James Herbert: The British King is Dead, long live the British King

domainBritish horror author, James Herbert, who has died at the age of 69, was often known as ‘the UK’s answer to Stephen King’. In actual fact the pair were fond friends and their careers began rather fittingly almost at the same moment, Herbert had his first novel, The Rats, published just a few months before King debuted with Carrie in 1974.

Over his 20-something books Herbert has sold over 50 million copies, a number only bettered in the horror genre by none other than King himself. But, Herbert was the undisputed number one British author of frightful fiction and he was certainly a big part of my growing up.

I tried getting into King, I really did, but his books just gathered dust on my shelf, Herbert was another matter entirely. Before you knew it you’d be half way through a book and half way through the night with dark circles under your eyes and a crick neck to boot.

I entered into Herbert’s vividly descriptive world, like most no doubt, through The Rats and its sequels Lair and arguably his magnum opus, Domain. The original’s locations were heavily inspired by Herbert’s childhood, and the latter, rather ironically seeing as it dealt with London after a nuclear attack, blew me away, the opening chapter with the melting policeman setting the tone of furry things to come.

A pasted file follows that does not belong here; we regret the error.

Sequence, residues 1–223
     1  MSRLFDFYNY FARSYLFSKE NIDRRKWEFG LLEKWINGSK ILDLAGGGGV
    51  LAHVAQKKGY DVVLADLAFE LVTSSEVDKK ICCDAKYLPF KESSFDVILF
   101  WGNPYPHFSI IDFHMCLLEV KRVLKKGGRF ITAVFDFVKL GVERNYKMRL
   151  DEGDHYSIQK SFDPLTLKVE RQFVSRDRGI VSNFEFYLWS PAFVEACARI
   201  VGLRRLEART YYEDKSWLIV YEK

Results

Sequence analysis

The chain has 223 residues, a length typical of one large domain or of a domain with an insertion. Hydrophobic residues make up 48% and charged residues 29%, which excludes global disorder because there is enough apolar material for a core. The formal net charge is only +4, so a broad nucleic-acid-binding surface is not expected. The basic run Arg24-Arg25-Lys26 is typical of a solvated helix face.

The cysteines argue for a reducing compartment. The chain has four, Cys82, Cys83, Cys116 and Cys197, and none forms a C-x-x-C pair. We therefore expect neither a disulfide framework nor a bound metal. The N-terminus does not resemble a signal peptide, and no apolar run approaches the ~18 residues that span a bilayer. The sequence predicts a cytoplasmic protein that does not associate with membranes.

james-herbert-48The Fog, no nothing to do with the John Carpenter film, was swiftly consumed after that, along with Jonah, The Survivor, Haunted, ’48, Portent and The Spear, a personal favourite which would make such a great film, all receiving well-worn spines and dog-eared covers. They were perfect for any teenager, full of glorious descriptions of death and full of just as glorious descriptions of sex, and as with most horror it didn’t generally end very well.  ’48 was a (then) rare purchase in hardback, I bought it when I was at University and it dealt with an alternate World War 2 reality, it was also written in the first person. I remember buying that hardback edition, probably my first. It almost seemed akin to Charlie buying his Wonka Bar.

Those early works, in particular, still hold an amazing sway and power, the imagery they produced (even when you close your eyes) still remain. They are just so raw and nasty, almost primeval and totally unputdownable. Talking of imagery I always liked the covers, which were apparently all designed by Herbert himself as he used to work in an ad agency. I’ll always remember his folded arm stance in that black leather jacket as well for his book photos.

James_Herbert-4I’ve a sneaking suspicion that The Rats and Company will be padding their way back down from the loft, as I am sure they will be with lots of other people. Expect some of his old favourites to make reappearances on best-selling lists and on tube trains, The Rats ‘infesting’ London just like they did back in 1974 when the 100,000 run sold out in just three weeks.

When talking about his work, perhaps Stephen King put it best when he said: “James Herbert comes at us with both hands, not willing to simply engage our attention, he seizes us by the lapels and begins to scream in our faces.”

Even over 25 years after picking up my first Herbert novel I can still hear the screaming…long may it continue.

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